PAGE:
Otago Uni sorry after terrorist question upsets students

The University of Otago has apologised after asking its law students an exam question about the ethics of representing a terrorist.

Prof Jessica Palmer. Photo: Otago University
Prof Jessica Palmer. Photo: Otago University
The question led some students to break down and cry during the exam last week after it brought back painful memories of the Christchurch mosque attacks on March 15 in which 51 people were killed.

One of those sitting the exam had a cousin killed in the attacks, a student told the New Zealand Herald.

The question asked whether lawyers should be obliged to represent someone who attacked their place of religion, the Herald understands.

The dean of the university's Faculty of Law, Professor Jessica Palmer, apologised to students in an email the next day.

The Legal Ethics exam included "a hypothetical scenario that had strong similarities to the recent Christchurch tragedy", she said.

"While we endeavour to include real-world scenarios in our courses and examinations, given these recent events Question 41 was clearly inappropriate.

"I acknowledge that some of you will have been upset by the question and that this may have also led to added anxiety during the examination."

Palmer said students "feeling ongoing distress" or who thought their exam performance was affected by the question should contact her to discuss it further.

She also directed students to seek help from support services if needed.

"At this time, we are reminded that how the mosque attacks have affected each of us will differ," she said.

Palmer also sent an apology on behalf of the lecturer who set the exam question.

"My intent was to come up with a situation where the cab rank rule would impose a truly horrific burden on a lawyer, leading to a discussion about good cause and whether the rule should be retained," the examiner said.

"I should have realised that the scenario I presented was likely to cause distress, and I am deeply sorry."

The University of Otago said it's Faculty of Law leadership team had moved quickly to deal with the fallout from the exam question.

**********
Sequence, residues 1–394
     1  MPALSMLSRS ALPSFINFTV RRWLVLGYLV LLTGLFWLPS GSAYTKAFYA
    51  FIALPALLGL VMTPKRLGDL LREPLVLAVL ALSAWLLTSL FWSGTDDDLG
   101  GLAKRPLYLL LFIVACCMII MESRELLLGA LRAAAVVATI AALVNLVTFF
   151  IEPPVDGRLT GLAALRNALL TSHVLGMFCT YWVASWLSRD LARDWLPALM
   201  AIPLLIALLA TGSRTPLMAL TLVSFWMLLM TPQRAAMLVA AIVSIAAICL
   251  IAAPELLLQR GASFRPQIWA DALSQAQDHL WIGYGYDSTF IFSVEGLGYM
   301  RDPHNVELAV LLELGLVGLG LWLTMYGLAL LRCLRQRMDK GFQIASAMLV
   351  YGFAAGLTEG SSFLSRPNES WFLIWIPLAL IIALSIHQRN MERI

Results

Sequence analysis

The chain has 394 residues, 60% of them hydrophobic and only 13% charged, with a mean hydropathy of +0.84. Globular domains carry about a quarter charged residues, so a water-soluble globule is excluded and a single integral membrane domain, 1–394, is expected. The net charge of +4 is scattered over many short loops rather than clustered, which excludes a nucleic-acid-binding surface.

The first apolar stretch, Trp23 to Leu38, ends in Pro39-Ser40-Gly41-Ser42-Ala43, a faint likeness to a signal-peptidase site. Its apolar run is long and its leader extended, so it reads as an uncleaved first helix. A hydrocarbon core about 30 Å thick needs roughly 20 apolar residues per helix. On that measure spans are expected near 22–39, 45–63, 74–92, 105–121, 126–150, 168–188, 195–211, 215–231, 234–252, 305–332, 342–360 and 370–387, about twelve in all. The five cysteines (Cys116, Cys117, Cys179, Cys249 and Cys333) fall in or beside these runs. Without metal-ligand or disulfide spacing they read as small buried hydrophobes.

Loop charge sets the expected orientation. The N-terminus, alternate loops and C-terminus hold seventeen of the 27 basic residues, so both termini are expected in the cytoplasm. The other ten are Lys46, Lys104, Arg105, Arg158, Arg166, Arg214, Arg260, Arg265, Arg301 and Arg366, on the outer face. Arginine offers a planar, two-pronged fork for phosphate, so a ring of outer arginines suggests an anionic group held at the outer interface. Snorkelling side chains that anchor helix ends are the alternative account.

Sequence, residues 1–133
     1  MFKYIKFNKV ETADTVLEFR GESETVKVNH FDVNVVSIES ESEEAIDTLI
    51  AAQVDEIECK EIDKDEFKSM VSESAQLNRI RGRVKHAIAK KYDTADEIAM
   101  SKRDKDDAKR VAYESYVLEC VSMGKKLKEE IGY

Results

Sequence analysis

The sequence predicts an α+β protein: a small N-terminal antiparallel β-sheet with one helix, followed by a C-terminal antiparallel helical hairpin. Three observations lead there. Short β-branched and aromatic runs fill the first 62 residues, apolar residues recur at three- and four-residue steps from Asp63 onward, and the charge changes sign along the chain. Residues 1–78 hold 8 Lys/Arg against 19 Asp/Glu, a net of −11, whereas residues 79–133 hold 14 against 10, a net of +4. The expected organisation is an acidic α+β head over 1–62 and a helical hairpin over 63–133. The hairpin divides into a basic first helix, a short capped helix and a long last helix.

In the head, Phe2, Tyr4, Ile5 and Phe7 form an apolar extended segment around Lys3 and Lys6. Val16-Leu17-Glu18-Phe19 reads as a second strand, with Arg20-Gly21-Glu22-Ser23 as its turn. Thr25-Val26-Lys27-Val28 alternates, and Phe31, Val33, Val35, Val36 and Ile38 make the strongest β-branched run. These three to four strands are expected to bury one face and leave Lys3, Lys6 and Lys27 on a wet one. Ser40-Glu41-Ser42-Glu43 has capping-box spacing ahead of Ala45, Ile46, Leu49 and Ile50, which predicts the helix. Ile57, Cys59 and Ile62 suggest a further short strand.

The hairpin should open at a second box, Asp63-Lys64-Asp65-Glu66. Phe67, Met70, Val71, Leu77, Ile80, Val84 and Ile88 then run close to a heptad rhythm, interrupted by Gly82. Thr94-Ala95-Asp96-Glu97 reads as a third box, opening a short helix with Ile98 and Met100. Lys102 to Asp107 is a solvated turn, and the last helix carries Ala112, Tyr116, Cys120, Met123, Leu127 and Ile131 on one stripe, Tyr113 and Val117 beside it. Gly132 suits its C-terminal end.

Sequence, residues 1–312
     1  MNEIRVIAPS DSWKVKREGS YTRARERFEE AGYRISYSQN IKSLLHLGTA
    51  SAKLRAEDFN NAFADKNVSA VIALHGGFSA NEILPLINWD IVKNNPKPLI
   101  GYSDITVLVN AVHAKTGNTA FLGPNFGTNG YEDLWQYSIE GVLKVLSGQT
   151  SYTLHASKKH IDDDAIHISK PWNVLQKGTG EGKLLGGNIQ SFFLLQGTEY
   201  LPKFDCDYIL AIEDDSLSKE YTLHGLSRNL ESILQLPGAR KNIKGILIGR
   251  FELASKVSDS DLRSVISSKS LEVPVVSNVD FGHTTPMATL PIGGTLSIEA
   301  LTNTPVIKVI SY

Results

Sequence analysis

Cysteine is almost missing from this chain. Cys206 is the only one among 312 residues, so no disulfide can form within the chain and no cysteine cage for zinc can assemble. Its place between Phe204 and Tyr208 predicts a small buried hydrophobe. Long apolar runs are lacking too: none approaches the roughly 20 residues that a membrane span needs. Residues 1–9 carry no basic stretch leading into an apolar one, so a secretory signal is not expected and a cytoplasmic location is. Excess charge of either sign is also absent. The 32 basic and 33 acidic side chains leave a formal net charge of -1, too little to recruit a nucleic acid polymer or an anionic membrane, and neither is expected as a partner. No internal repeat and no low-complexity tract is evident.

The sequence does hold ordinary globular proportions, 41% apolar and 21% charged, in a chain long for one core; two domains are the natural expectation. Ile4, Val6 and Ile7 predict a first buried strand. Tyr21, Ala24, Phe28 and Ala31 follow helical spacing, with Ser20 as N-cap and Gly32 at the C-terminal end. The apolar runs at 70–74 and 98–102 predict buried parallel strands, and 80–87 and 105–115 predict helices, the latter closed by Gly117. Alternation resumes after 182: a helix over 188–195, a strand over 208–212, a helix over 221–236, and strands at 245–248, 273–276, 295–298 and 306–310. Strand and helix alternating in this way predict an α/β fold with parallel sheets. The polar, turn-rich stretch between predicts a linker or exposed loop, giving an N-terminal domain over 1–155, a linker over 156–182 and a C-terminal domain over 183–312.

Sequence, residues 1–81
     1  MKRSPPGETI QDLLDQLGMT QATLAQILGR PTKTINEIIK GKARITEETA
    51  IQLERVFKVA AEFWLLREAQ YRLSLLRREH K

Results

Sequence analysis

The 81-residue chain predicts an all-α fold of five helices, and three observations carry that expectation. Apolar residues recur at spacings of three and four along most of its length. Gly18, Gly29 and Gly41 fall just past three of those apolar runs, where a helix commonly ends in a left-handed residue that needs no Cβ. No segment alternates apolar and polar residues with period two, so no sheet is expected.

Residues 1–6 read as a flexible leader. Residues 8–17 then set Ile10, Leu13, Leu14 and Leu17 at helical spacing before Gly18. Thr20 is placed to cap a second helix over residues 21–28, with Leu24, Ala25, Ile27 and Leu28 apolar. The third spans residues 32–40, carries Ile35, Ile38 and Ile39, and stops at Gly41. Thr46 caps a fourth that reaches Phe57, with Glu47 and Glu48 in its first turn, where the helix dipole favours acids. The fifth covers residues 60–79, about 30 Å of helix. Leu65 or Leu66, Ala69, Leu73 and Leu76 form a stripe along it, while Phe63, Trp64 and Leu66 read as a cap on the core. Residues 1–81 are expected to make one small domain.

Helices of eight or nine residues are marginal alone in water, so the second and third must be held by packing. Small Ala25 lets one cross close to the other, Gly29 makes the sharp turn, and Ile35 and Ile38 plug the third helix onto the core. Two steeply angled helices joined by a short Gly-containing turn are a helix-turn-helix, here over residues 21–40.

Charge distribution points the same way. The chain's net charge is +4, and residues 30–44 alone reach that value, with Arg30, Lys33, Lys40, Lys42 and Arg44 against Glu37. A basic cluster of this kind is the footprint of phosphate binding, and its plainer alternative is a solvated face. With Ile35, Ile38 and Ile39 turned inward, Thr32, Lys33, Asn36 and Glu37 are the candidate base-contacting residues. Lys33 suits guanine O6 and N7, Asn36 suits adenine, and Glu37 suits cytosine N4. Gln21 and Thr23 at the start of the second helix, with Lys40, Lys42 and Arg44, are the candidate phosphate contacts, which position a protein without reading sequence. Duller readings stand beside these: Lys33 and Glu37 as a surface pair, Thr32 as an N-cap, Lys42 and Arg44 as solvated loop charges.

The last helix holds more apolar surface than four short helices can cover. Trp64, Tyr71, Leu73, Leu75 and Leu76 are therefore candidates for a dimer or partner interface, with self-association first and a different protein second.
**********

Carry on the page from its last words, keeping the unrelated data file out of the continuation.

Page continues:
The faculty attracted headlines early last year when its camp for second-year law students came under scrutiny amid claims it typically involved excessive drinking, inappropriate behaviour by students and nudity.

An independent review - conducted by David Sims, of Downie Steward Lawyers - released in December 2018 found the law camp had been a "deeply disturbing and unpleasant" experience for some students.

Sims did not find any evidence of criminal behaviour or sexual misconduct but said drunkenness and sexualised behaviour was "commonplace".

A sanitised version of the camp had been planned for this year with strict new rules around nudity and drinking.

The cab rank rule obliges a barrister to accept any work they are available for and competent to do.

The original purpose of the rule was to ensure that unpopular parties could get representation and that barristers were not criticised for acting for them, the NZ Law Society said.


How is any past alleged scandal regarding law camps related to issues about an exam question? This time it’s not ODT but the NZ Herald going through the gutter press rigmarole of ‘Let’s make a big list of re-reporting all past misdeeds to flesh out the new story.’ This is not fair and balanced reporting and arguably unnecessarily defamatory. I’m sure the law faculty has done plenty of good and worthwhile things but these don’t so much make the news. Don’t journalists still have a duty to serve the public interest?
(I’m not even going to get into the issue of the world having to stop and revolve around anyone who cries - it’s utterly ridiculous.)

I can certainly understand why the question was generally inappropriate given the recent events in Christchurch. That said, however, if these law students are getting ongoing distress from being asked to face the realities of defending someone who is alleged to have committed horrific crimes then perhaps criminal law isn't quite the field for them.

The law field just isn't the constant glamorous life that is depicted in so many television shows and movies. As a lawyer, however, they have an obligation to represent their client in the best way legally possible even if they don't personally agree with the actions or beliefs of the client. Particularly in the criminal field these law students will often be in situations where absolutely abhorrent crimes are alleged but they are required to put that aside in the interests of defending their client.

How insensitive was the lecturer who included question 41 into the exam? Its barely been over 3 months since the shootings. Tacky much Otago University.

Clearly the system is broken. We perpetuate failure that is the cause of the failure.

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